Robots, Androids, Clones and Transhumanism in Literature, Film and Culture (Workshop)
|Language of instruction||English|
|Position within curricula||See TUMonline|
- 09.11.2022 09:00-10:30 1229, Seminarraum
- 16.11.2022 09:00-10:30 1229, Seminarraum
- 23.11.2022 09:00-10:30 1229, Seminarraum
- 30.11.2022 09:00-10:30 1229, Seminarraum
- 07.12.2022 09:00-10:30 1229, Seminarraum
- 14.12.2022 09:00-10:30 1229, Seminarraum
- 21.12.2022 09:00-10:30 1229, Seminarraum
- 18.01.2023 09:00-10:30 1229, Seminarraum
- 25.01.2023 09:00-10:30 1229, Seminarraum
- 01.02.2023 09:00-10:30 1229, Seminarraum
- 08.02.2023 09:00-10:30 1229, Seminarraum
The students research and discuss current discourses on the topics of the seminar. They read/watch literary texts, films, TV shows and other relevant media and learn how to analyze those using different criteria and methods.
Since antiquity humans have been fascinated by the idea of artificial life and have imagined its creation in different media. Thus, long before these fictions can become reality, literature and art already provide fictional spaces in which fundamental questions can be asked: Why do humans want to create artificial life? How do they treat the resulting creatures? How can we define “human”? Which gender dynamics are involved? How are society and human relationships changed by the existence of artificial life forms? And are there borders which should not be crossed? In this seminar we will discuss the current state of science, technology and ethics and analyze the depiction of artificial life forms in literature (e.g. in Ovid´s Metamorphoses, E. T. A. Hoffman´s “Der Sandmann”; Mary Shelley´s “Frankenstein”; the stories of Isaac Asimov and contemporary novels such as Kazuo Ishiguro´s “Klara and the Sun”), films (e.g. Metropolis, Blade Runner and Blade Runner 2049, Robocop, Ex Machina, Moon), TV series (e.g. Star Trek, Westworld, Black Mirror, Humans) and other media (computer games, comics and graphic novels). Students are very welcome to suggest additional texts and films.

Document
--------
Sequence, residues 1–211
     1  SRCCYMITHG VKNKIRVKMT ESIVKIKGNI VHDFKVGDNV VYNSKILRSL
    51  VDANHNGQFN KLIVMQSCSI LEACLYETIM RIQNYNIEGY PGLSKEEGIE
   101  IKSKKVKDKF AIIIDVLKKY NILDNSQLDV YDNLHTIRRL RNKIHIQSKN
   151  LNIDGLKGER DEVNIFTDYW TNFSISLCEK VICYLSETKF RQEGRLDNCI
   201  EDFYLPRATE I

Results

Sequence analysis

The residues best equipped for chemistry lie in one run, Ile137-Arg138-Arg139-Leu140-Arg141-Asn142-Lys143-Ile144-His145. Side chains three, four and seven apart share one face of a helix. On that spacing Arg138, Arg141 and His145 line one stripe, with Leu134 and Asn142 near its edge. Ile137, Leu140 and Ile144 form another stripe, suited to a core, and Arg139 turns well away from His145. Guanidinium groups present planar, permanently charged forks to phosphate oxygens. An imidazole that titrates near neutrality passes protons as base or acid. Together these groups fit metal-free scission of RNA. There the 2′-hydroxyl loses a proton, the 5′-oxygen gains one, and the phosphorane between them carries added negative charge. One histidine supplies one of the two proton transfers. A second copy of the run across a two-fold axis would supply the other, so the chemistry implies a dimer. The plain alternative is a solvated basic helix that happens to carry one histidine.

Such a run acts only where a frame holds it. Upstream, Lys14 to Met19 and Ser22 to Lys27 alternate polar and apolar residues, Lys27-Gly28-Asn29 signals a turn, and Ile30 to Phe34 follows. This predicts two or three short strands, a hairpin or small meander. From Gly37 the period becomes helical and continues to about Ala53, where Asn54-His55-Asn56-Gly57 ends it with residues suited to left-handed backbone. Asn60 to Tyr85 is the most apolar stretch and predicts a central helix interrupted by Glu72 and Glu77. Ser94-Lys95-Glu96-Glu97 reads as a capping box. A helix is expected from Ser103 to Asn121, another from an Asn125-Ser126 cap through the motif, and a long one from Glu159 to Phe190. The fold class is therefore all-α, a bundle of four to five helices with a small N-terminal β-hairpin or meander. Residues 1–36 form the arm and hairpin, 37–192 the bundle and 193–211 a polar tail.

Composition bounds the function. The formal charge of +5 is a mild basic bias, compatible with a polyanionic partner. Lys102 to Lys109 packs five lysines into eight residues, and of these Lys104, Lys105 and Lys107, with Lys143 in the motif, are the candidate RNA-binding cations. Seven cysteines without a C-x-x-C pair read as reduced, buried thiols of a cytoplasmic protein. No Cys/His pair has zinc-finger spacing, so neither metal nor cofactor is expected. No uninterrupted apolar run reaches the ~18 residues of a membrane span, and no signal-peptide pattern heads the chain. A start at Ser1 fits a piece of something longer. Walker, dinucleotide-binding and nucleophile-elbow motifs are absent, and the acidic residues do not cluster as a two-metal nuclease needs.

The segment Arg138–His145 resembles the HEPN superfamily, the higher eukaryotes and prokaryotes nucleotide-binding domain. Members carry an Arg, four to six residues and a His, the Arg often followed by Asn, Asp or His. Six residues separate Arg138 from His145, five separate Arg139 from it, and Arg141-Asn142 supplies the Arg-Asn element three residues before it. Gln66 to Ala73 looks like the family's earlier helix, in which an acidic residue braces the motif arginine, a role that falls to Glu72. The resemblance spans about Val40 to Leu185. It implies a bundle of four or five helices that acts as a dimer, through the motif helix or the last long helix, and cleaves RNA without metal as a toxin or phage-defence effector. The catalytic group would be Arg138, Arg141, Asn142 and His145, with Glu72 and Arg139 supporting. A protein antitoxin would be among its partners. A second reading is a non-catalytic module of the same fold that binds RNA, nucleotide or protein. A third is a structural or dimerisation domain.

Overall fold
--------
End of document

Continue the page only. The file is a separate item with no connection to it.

None apart from the willingness to read and discuss the texts.
Teaching and learning methods
• Independent reading and watching of texts/films • Analysis of these texts/films using methods discussed in class • Group discussions • Group work • If we can meet in person, controversial topics can be discussed in the form of debates
Poster presentation at the end of the seminar. This course is assigned to the following modul: CLA21901 Rollen. Klischees. Visionen. Wissenschaft und Technik im Blick von Literatur und Theater (2 Credits) Please note that you can only contribute each module once in your studies
Shorter texts will be provided. Novels will be available via the university library or will have to be purchased by the students.